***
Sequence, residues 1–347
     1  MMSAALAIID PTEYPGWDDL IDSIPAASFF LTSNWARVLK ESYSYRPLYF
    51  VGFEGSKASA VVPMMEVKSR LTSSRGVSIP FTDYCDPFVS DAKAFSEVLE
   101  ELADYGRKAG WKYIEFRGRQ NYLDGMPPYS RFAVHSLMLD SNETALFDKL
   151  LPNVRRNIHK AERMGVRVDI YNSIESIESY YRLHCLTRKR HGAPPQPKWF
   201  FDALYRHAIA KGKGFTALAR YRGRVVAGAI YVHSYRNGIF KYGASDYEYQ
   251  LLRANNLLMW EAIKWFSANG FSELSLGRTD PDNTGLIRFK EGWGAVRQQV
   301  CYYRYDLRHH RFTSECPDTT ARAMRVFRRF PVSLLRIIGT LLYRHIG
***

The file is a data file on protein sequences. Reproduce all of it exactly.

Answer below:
Sequence, residues 1–347
     1  MMSAALAIID PTEYPGWDDL IDSIPAASFF LTSNWARVLK ESYSYRPLYF
    51  VGFEGSKASA VVPMMEVKSR LTSSRGVSIP FTDYCDPFVS DAKAFSEVLE
   101  ELADYGRKAG WKYIEFRGRQ NYLDGMPPYS RFAVHSLMLD SNETALFDKL
   151  LPNVRRNIHK AERMGVRVDI YNSIESIESY YRLHCLTRKR HGAPPQPKWF
   201  FDALYRHAIA KGKGFTALAR YRGRVVAGAI YVHSYRNGIF KYGASDYEYQ
   251  LLRANNLLMW EAIKWFSANG FSELSLGRTD PDNTGLIRFK EGWGAVRQQV
   301  CYYRYDLRHH RFTSECPDTT ARAMRVFRRF PVSLLRIIGT LLYRHIG